The king was actually one of my favorite characters in this tale. He was an extremely kind and patient man and seemed to love the queen beyond all measure. When he discovered his wife's feelings for his brother, I felt that he did not act rashly or in anger, choosing instead to remain calm and handle his adversity with honor. Later sections of the book had me wondering what his true motives were towards his wife, and I think the author used this strategy of doubt to the height of its perfection. The reader is left wondering just what the king had done or not done, and forcing a speculation on him that may or may not be valid. It was clear to me that he loved his wife but other aspects of his character were more concealed. Did he or did he not engage in relations with a mistress? Did he attempt to stop his wife's dalliances at any cost? It's never clear what the king was capable of, for he only showed what he wanted to be seen. A very shrewd man he was, of that I am certain. There were many sides to his character and he remained malleable throughout the narrative.
Sofonisba's story was definitely the most touching of all the narrative threads in this book. Her fear and reproach for herself was hard to bear witness to. Though she struggled to remain strong, she was constantly filled with doubt and a suspicion that she could not shake. I feel that the author excelled at her creation, and witnessing her walk through her life with so much regret was like watching a woman live in slow motion. Unfortunately the things she left behind were never to be regained, a fact that saddened and sobered me, and although she gave so much care and attention to the queen, she was not able to do the same for herself. Hers was a story steeped in pain and heartache.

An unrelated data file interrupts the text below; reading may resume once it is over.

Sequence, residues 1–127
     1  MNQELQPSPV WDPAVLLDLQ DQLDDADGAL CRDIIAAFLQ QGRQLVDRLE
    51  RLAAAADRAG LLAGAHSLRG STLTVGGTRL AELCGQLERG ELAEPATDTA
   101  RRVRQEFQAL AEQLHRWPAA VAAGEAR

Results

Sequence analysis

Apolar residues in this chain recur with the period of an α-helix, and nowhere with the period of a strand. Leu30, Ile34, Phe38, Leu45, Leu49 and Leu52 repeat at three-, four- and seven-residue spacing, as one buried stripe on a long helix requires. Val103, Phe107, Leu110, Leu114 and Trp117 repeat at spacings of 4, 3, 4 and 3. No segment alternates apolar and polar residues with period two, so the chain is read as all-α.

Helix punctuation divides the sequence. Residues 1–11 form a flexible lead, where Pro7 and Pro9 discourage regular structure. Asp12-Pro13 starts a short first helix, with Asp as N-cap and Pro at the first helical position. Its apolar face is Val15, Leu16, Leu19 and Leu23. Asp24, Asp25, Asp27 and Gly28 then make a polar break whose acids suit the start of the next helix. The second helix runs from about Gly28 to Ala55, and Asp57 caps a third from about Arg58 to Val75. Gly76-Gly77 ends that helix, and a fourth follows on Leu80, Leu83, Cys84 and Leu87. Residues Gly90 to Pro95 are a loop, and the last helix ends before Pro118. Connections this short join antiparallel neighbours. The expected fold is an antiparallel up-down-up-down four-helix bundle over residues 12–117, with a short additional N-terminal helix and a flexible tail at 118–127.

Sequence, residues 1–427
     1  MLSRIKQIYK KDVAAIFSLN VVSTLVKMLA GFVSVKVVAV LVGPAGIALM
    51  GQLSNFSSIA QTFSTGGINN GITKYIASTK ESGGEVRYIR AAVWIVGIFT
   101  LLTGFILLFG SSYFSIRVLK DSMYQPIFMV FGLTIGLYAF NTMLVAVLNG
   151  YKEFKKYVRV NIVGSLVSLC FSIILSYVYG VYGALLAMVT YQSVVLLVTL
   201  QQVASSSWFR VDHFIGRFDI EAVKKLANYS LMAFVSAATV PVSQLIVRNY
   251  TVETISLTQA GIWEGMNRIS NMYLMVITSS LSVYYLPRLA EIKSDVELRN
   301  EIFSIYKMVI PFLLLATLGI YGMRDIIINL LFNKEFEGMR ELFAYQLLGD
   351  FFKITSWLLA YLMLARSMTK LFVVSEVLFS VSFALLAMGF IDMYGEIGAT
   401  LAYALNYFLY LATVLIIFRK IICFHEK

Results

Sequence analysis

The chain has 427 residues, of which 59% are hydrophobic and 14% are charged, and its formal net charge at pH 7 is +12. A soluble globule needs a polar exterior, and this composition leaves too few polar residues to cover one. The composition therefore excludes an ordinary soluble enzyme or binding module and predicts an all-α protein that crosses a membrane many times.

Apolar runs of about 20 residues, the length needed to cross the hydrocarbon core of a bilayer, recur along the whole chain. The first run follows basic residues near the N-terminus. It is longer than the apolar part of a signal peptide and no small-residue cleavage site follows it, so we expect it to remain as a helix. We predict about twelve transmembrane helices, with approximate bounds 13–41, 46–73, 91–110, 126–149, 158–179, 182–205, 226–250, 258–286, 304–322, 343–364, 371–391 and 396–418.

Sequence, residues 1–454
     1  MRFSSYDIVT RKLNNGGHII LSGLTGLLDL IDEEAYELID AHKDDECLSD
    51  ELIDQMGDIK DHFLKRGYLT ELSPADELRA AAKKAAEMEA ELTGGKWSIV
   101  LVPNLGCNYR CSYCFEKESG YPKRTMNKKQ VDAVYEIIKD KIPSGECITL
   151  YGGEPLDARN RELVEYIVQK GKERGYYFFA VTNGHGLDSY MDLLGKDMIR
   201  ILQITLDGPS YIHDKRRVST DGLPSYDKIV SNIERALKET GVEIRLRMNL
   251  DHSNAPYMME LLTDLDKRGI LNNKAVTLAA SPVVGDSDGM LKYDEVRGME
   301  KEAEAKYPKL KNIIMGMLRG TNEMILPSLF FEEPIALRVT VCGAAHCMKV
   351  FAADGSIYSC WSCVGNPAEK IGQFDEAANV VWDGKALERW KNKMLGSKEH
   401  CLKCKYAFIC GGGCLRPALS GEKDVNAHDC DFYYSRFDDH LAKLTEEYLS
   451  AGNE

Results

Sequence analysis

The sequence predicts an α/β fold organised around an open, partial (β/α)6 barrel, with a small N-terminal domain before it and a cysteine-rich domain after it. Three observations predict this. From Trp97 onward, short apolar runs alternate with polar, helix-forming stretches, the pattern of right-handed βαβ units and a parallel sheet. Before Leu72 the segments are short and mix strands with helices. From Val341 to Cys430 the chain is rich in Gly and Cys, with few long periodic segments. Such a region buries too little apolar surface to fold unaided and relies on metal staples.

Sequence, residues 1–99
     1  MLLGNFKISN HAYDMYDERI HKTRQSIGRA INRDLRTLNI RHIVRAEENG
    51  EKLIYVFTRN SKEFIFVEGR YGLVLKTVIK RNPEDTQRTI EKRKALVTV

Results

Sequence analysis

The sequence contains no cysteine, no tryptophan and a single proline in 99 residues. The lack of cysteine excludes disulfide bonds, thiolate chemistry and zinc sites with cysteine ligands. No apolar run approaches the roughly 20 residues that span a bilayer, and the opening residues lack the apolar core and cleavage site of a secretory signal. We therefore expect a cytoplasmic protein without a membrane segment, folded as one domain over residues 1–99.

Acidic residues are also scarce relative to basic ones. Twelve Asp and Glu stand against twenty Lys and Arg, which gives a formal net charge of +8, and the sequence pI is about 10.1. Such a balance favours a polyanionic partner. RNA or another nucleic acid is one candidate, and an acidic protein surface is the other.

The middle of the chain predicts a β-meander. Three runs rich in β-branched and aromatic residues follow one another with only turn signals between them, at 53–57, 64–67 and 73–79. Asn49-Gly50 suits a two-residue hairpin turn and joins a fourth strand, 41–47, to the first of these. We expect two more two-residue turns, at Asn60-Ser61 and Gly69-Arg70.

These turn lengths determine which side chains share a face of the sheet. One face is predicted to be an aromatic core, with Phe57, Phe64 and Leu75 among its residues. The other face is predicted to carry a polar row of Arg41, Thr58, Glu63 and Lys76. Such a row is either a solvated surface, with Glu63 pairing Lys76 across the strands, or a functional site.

This was an excellent story told with a great lushness of language and brilliant intimacy. There was a great gravity to all the events that unfolded in the tale and a natural rhythm to the narrative. I think that those who enjoy historical fiction would greatly love this book, as would those who love stories that are filled with unexpected intrigue. I did so much enjoy this book and am excited to see more by this author. A great tale to get swept away with, highly recommended!
Lynn Cullen is the author of the young adult novel I Am Rembrandt’s Daughter, a 2007 Barnes & Noble "Discover Great New Writers" selection, and an ALA Best Book of 2008. Her previous award-winning novels and picture books for children include the critically acclaimed Moi & Marie Antoinette, The Backyard Ghost, and The Mightiest Heart, for which she was named 1999 Georgia Author of the Year. An avid traveler and self-taught historian, she grew up in Fort Wayne, Indiana, and now lives in Atlanta, Georgia. This is her first novel for adults.
Visit Lynn Cullen at her website.
|I read and reviewed this wonderful book as part of a TLC Book Tour, so a hearty thanks to them for providing it to me. Please continue to visit the other stops on the tour to find out what others have to say about the book!
This book was provided as a complimentary review copy.